Another good Msgr Pope column. And on a topic you’ve often addressed: This is not our world, what keeps souls attached to it and “where our treasure lies.”

5 posted on 07/03/2014 4:43:22 AM PDT by GreyFriar (Spearhead - 3rd Armored Division 75-78 & 83-87)
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To: tinyowl

That’s a very interesting post, it may be interesting to read more elaboration (as I may be missing something) but I must take issue with the following:

“(That is why the ‘apple’ was the apple of the knowledge of good and evil, or the attachment to good and evil. Desire for ‘good’ will lead to suffering. Desire for ‘bad’ will lead to suffering.)

The lily neither spins nor toils. (no attachment to good, no attachment to bad.) In this state, it manifests beauty, or light. Possessing no grasped nature, it is only what it is. Desire the lily, and you will suffer.”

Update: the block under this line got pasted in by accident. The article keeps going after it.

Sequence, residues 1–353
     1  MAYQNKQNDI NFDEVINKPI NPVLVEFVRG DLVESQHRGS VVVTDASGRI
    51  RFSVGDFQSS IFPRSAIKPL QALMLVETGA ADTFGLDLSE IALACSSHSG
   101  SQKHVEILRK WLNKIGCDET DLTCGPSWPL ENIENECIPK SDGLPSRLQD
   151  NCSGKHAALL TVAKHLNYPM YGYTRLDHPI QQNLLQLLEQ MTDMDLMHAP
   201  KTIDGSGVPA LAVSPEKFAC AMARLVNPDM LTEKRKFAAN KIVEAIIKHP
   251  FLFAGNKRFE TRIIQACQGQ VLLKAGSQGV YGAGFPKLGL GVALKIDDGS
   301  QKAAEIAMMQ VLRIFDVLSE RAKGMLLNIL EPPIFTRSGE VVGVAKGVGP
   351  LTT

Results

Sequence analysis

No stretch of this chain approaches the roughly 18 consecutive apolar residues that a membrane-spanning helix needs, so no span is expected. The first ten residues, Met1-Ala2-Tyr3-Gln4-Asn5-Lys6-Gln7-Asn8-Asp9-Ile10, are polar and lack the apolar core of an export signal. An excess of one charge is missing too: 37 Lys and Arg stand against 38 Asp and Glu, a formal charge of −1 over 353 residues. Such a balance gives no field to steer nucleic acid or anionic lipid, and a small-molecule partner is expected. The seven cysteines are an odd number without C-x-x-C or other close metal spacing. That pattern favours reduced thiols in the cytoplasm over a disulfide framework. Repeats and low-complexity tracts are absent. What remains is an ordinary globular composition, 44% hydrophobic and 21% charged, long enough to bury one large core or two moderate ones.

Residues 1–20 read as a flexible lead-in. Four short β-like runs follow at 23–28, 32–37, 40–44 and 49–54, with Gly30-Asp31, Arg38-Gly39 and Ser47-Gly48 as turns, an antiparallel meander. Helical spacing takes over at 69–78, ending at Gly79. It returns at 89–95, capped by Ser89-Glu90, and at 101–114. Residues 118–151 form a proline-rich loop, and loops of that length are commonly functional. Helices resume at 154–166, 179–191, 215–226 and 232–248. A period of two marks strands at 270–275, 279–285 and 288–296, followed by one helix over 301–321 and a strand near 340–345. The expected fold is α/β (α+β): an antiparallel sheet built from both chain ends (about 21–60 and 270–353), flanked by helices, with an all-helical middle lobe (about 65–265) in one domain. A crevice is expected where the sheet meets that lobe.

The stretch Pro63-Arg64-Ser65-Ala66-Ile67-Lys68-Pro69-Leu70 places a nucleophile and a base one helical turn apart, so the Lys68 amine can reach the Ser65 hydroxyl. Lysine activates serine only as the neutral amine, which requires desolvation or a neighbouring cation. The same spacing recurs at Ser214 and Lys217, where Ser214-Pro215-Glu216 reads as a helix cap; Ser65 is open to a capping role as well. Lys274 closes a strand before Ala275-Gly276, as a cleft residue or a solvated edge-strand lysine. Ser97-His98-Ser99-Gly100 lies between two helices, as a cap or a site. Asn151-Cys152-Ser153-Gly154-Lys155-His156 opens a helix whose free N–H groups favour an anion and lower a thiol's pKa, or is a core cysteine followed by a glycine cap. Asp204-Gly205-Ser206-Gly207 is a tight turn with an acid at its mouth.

Two things: I think we can all agree that suffering is bad.

Assuming that is an agreeable axiom, then I object to the following assertion:

Desire for good will lead to suffering. Desire for bad will lead to suffering.

What these two statements clearly force, is that therefore all desire is bad. (Again, assuming we can and do agree suffering is bad)

But this notion (that all desire is bad) is precisely not Father’s point/claim above. Indeed if I may expound briefly, all desire is a desire for Christ. Even disordered desires. This is because our desires are never fully satisfied, and thus, in an objective way, point to (indeed require) Christ as their fulfillment.

So in this way, desire itself isn’t “bad”. No matter what desire you’re talking about. It only becomes bad when (as you correctly say) we “sin” (or miss the mark) with them. And what is the mark?

Again, their only solution: Jesus Christ.

What you have described in your post does not seem like Christianity (at least not Catholic Christianity), it seems like Buddhism. Buddhists also claim all desire is bad. Especially a desire for beautiful things like the example you used with the lily.